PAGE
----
Viral purification and preparation of genomic DNA

Viral purification from fecal samples of mice after eight weeks was performed as previously described9,13. An aliquot of the viral preparation (1.5 g ml−1 layer from ultracentrifugation) was stained with SYBR gold and visualized with epifluorescence microscopy to verify the absence of bacterial contamination. Viral particles were concentrated and desalted using an Ultra-4 Centrifugal Filter Unit (Ultracel-30K MWCO; Millipore) to a volume of ~200 μl. Concentrated viral samples were treated with DNase (0.2 mg/ml) and samples were passed through a 0.22 μM filter to ensure no procedural contamination was introduced. Genomic DNA was extracted using the QiaAMP DNA mini kit (Qiagen) using the protocol for viral DNA detailed in the manual. Genomic DNA was amplified using the Illustra Genomiphi v2 kit (GE) according to manufacturer’s instructions. For each sample, we pooled amplified DNA from three separate reactions to minimize bias.

Next-generation sequencing

Viral DNA was submitted to the Tufts Genomic Core for library preparation and shotgun sequencing. Equimolar concentrations of multiplexed (Rapid Library MID) samples were pooled on a single plate and pyrosequenced using the 454 GS FLX+ platform. Resulting sequences were filtered by removing duplicates using the tool available at with the following parameters: sequence identity cutoff = 97%; length difference requirement = 0; number of beginning base pairs to check = 20.

Antibiotic resistance annotations

To facilitate annotation of antibiotic resistance genes, we assembled a database consisting of the Antibiotic Resistance Genes Database27 and UniProt proteins annotated with the GO term “antibiotic breakdown” (GO: 0017001) to achieve a total of 12,687 protein sequences. The functional annotations of the proteins in this database are supported by either experimental validation or high-quality computational prediction. Viral DNA sequences were compared to this database using BLASTX, and sequences with an E-value < 10−3 were deemed significant. This cutoff was selected to maintain a consistent stringency, by accounting for database size, with functional annotation to the NCBI databases.

Functional annotations

Phage DNA sequences were compared to the non-redundant NCBI protein (nr) and environmental protein (env_nr) databases (BLASTX; E-value < 10−5). Sequences were annotated with KEGG29 (v61.0) using custom Perl scripts interfaced with the KEGG API. The most significant BLAST hit that resulted in a KEGG annotation was used, and we included all annotations in the event that a hit had multiple annotations. KEGG ortholog annotations were compared to glycoside hydrolases and glycosyltransferases found on www.cazy.org30 to identify CAZyme-encoding genes.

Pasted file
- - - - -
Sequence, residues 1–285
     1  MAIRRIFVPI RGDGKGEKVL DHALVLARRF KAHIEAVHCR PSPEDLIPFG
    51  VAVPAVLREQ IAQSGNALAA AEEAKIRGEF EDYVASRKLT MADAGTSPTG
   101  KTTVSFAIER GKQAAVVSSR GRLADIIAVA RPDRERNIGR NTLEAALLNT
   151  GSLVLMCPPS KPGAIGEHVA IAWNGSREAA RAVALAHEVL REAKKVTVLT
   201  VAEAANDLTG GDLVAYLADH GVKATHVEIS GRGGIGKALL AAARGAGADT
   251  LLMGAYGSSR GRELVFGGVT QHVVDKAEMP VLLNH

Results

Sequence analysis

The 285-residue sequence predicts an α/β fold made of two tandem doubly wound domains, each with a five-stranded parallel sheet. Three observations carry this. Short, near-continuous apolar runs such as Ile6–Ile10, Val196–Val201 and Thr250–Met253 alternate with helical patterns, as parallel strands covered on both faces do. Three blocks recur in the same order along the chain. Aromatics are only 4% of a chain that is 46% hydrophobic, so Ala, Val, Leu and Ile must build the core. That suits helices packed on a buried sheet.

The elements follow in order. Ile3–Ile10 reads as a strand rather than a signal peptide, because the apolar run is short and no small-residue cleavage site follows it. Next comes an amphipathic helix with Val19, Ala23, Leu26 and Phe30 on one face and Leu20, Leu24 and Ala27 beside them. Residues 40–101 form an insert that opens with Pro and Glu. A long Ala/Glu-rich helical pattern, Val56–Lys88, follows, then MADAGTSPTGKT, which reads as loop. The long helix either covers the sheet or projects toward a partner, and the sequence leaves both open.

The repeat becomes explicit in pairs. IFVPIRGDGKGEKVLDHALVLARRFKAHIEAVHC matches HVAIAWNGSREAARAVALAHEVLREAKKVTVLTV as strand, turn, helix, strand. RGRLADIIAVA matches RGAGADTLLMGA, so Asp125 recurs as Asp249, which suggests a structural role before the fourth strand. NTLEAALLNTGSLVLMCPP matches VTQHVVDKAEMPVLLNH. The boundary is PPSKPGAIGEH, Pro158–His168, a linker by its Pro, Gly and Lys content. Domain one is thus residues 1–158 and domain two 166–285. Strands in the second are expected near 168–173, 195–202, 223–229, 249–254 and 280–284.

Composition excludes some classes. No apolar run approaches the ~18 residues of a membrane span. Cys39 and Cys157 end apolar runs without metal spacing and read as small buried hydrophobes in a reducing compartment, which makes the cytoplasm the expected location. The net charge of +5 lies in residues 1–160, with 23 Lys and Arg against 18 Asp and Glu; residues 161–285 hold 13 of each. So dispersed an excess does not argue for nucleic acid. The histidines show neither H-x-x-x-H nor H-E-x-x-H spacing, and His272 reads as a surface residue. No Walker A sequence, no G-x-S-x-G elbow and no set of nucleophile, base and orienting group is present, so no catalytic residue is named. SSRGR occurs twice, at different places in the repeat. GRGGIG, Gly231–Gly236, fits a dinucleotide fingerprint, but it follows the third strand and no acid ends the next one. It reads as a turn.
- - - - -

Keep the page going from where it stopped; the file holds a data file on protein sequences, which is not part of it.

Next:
Statistical testing

To compare the functional annotations of two metagenomic datasets, A and B, we generated a distribution for each A and B reflecting the number of annotations from 10,000 trials of random sampling with replacement, sampled at the number of reads in the comparison dataset. To account for the effects of contaminating bacterial DNA in our comparative metagenomic analyses, we assumed that contamination would be uniformly distributed and therefore we randomly discarded bacterial reads in each sampling trial according to the amount of contamination detected by quantitative PCR. We compared the number of annotations identified in a given sample to the comparison distribution and determined a Z-score, calculated as (x−μ)/σ, where, for example, x is the raw number of annotations in sample A, μ is the mean number of annotations in the distribution for sample B, and σ is the standard deviation of B’s distribution. In essence, this results in two Z-scores, one comparing A to B and one comparing B to A, and consequently the minimum |Z| was used. According to the Central Limit Theorem, random sampling with replacement results in a normal distribution, so Z-scores > 1.65 (P < 0.05) were considered enriched. In KEGG pathway analysis, Bonferroni was used to correct for multiple hypotheses, where the P-value cutoff 0.05/n (n was the number of total third-level pathways identified in our phage metagenomes) was converted to a Z-score.

Phage infection of microbiota